Gunmen in Nigeria have shot dead several health workers linked to polio vaccination efforts. Regional Muslim leaders have been known to reject the preventative measure as a Western conspiracy to harm their health.
At least nine health workers were killed in two separate drive-by shootings in the northern city of Kano on Friday, according to a police spokesperson.
"Gunmen opened fire on a health center in the Hotoro district killing seven, while an attack on Zaria Road area of the city claimed two lives," police spokesman Magaji Musa told the news agency Reuters.
"They were working for the state government giving out polio vaccinations," Musa added.
It was unclear from the initial reports whether the victims had been administering vaccinations on site or were preparing to travel to a different location to do so. There was no indication that any patients had been present during the attack.
No group claimed responsibility for the shootings.
Attempts to eradicate polio from Nigeria have repeatedly met opposition predominantly from local Muslim leaders. In 2003, regional politicians spread the view that the vaccine could cause infertility.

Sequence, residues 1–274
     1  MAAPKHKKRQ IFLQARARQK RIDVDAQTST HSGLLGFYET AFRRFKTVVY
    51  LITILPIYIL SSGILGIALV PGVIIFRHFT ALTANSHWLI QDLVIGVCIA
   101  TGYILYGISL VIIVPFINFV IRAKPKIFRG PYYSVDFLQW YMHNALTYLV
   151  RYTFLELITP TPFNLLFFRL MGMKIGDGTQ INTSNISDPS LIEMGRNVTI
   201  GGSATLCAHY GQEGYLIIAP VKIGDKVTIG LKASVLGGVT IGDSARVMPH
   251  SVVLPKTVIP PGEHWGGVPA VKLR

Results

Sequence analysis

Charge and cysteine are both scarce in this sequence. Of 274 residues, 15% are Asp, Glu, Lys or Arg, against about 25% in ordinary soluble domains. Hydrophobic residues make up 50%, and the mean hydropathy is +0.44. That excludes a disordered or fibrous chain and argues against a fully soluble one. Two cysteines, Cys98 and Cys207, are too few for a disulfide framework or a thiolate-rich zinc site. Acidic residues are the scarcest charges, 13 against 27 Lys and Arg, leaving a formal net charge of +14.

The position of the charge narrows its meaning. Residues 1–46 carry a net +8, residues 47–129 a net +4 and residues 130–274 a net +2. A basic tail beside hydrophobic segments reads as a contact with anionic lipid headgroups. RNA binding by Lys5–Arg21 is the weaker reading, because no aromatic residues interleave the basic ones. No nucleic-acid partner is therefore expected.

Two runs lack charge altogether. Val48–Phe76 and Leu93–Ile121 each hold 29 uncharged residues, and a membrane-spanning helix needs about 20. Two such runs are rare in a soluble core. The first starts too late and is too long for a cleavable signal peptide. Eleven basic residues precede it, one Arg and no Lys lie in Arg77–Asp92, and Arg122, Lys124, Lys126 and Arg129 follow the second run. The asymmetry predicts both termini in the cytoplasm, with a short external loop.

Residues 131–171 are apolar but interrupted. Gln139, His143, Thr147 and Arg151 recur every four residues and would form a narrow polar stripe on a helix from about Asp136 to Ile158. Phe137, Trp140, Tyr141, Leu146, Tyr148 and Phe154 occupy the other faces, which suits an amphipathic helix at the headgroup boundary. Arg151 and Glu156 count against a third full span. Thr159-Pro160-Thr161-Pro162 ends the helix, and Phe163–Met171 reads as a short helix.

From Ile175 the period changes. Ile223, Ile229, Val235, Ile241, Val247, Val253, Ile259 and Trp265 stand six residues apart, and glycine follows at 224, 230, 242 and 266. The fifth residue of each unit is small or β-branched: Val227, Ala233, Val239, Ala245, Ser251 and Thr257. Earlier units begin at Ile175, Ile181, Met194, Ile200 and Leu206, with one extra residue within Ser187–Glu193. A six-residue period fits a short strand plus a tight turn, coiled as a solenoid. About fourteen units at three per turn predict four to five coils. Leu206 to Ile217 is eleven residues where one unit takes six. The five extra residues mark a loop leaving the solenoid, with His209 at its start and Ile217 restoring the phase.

More recently, the Islamist sect Boko Haram, which has carried out numerous deadly attacks on its political opponents, has spoken out against the preventative measure.
Friday's shooting was not the first of its kind. At least 16 health workers participating in a polio vaccination campaign in Pakistan were shot dead during December and January.
The virus, poliomyelitis, attacks the nervous system and can cause irreversible paralysis within hours of infection. Thanks to international efforts to deliver the vaccine to people worldwide, the number of polio cases has dropped by 99 percent since 1988, according to the World Health Organization, with only 650 cases reported in 2011.
Along with Pakistan and Afghanistan, Nigeria is still considered to have endemic polio, according to the World Health Organization.
kms/ccp (AFP, Reuters)
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